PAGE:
By Sarah Labossiere, 1/20/24
I love pedal power of all kinds; road bikes, mountain bikes, three-wheeled adult trikes, recumbents, balance bikes for kids, and even (gasp!) e-bikes with pedal assist! As an independent cyclist who often rides alone, I began to worry that my neglect of bike maintenance might bite me in the rear tire and leave me flat-tubed and without a clue. So, I began learning to repair bikes by necessity, and quickly realized I need a lot of help!
It turns out that bike maintenance and repair is not as complicated as I had thought, however, it also turns out that I am not as quick on the uptake as I had hoped;) I have always found that I learn best by attempting to teach someone else. So, I turned to my friends at Bike/Walk Fall River and suggested we start repairing bikes as a group. I figured we could learn from each other, teach what we know, and laugh about the rest. We gave it a go, and have been rolling along for almost two years now – using our powers for good, and having fun:)
This post may, or may not, develop into a series of adventures, mistakes and (hopefully!) positive learning curves that you can use for your own education – or at least for a laugh or two;) My all-aluminum guarantee is that I have only the best of intentions, and they are fueled by curiosity, a can-do spirit and my well developed penny-pinching prowess.
My primary goal in documenting these efforts is to curate (and create?) a library of simple videos that show basic bike repairs, slowly, and step-by-step. I hope this blog will help enthusiastic newbies like myself gain confidence and give it a go- getting your bike (safely) back on its wheels is a great ego boost, and a frugal activity to boot!
To begin, I first turned to YouTube of course. I found M.A.N.Y. how-to videos and quickly became overwhelmed with the lingo, level of expertise, and the variability in video skills and teaching methods :/ So, I took a breath and turned to TREK. The technicians and staff at TREK Lakeville (https://www.trekbikes.com/us/
The video I settled on for this initial blog post was created by TREK Bicycle and is titled: “How To: Clean and Lube Your Bike Chain” ( https://youtu.be/Zztm9Ei3E4I?
I like how the “man in a beard wearing flannel” starts out by sharing the importance of maintaining your chain, and describes specific details about necessary products without pushing a particular brand on the viewer. He also demonstrates how to use a chain cleaner tool that can simplify the process, but also shows everyday alternatives (an old toothbrush!) that works well for the task at hand.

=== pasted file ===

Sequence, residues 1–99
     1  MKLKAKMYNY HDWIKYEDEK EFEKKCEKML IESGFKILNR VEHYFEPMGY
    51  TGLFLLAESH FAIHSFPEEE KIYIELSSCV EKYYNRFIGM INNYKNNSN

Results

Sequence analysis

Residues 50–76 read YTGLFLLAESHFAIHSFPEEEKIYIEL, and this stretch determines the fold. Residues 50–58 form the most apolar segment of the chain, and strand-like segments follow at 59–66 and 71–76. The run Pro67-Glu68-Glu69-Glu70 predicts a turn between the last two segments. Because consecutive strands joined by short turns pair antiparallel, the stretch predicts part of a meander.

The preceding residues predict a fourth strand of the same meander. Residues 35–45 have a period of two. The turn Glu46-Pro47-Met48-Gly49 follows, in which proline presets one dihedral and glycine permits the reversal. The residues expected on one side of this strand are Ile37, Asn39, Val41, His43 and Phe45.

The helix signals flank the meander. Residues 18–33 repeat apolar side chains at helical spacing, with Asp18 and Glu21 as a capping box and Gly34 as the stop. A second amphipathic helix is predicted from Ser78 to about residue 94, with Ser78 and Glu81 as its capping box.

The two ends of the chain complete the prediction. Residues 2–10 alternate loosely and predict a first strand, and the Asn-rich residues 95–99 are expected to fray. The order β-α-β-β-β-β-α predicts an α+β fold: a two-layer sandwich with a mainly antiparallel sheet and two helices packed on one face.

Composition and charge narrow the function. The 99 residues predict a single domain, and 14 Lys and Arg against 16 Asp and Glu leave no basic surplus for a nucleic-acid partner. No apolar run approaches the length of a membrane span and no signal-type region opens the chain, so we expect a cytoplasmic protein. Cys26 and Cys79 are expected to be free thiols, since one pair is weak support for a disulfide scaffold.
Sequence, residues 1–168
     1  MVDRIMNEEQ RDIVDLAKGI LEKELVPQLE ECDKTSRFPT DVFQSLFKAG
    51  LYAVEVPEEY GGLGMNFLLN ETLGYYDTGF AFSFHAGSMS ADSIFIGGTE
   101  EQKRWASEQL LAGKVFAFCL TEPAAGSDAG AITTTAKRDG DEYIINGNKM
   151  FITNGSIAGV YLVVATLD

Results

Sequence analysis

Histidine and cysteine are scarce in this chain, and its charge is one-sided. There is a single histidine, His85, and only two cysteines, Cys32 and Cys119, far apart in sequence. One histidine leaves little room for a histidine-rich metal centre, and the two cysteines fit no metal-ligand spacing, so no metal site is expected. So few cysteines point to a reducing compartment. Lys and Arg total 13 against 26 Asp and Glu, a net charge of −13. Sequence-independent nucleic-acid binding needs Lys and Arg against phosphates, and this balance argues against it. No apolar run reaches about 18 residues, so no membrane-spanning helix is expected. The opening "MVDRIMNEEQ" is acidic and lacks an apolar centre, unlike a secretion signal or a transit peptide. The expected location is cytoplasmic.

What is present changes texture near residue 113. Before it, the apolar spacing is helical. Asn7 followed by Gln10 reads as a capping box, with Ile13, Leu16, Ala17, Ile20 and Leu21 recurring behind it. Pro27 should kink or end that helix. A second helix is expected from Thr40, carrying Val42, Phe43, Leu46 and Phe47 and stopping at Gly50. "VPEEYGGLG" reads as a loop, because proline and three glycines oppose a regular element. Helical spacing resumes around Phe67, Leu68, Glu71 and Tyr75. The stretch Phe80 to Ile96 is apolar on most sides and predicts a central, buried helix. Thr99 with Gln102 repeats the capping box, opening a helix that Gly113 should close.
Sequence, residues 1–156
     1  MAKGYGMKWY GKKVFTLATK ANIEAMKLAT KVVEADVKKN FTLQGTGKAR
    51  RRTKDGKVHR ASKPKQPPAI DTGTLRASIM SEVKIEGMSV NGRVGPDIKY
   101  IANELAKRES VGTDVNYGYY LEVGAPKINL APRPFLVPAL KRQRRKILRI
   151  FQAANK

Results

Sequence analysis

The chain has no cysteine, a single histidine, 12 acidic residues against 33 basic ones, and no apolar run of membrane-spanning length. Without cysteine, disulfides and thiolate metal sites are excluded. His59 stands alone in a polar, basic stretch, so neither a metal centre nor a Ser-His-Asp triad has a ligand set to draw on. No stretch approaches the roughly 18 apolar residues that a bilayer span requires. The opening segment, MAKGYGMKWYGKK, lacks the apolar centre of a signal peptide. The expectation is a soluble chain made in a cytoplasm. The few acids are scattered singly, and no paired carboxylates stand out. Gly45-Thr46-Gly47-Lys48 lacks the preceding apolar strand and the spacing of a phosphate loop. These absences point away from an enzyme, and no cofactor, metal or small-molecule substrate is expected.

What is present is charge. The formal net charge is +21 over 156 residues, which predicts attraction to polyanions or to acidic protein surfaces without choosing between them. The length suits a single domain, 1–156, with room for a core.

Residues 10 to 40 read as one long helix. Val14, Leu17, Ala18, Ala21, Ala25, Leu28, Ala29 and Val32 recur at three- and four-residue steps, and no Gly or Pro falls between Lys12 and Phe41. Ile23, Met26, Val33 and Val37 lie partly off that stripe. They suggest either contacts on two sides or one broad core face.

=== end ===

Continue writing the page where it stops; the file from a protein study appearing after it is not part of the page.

Another technique the bearded host uses that helps a lazy skeptic like myself, is to explain why a simple extra step is important. For instance, he says soapy water and a rinse will “make sure all of the degreaser is cleaned off, so the fresh lube will fully stick to the chain”. Good to know, because I am cheap as well as lazy, and I don’t want to waste lube and cost myself more money and time in the long run!
The explanation of the difference between wet and dry lube was also useful, because if you’re like me, you prefer to walk into the bike shop with a specific product in mind – if you watch the video, you won’t have to be a “lube nube” either! Beard Man ends his vid with encouragement that these steps can be followed on any type of bike, and the frequency of cleaning is best determined by how often and in what conditions you ride.
If you are looking for more support on the topic of chain or drive train care, subscribe to the TREK YouTube channel, go to www.trekbikes.com, or just get yourself over to their Lakeville shop (only 25 min by car from downtown FR!)
Don’t have the time or space to haul your ride to a brick and mortar right now? I recommend making an appointment with one of the mobile bike repair businesses that will travel to you and can fix your bike while you watch or wait! Artemis Cyclery (www.artemiscyclery.com) will meet you in Fall River or any other location in Bristol or Plymouth County:) #Artemiscyclery offers bike repair services and a pop-up shop, and sports a splashy social media and web presence. You can find them on FB, IG or by cell: 774.202.9039.
On the Spot Bike (https://onthespotbike.com/) is another mobile bike repair shop that services the area from Westport to Mattapoisett. Their prices are reasonable and if you have any old bikes kicking around, they offer to take them off your hands and out of the landfill. They can repair and donate them to charity or use as practice bikes for repair clinics. On the Spot has a page on FB and can be reached at 774.301.1209.
Keep an eye out for the next post from your friendly NAIBR – aka me, and follow “Novice Adventures in Bike Repair” for more maintenance and repair tips to get you ready to ride!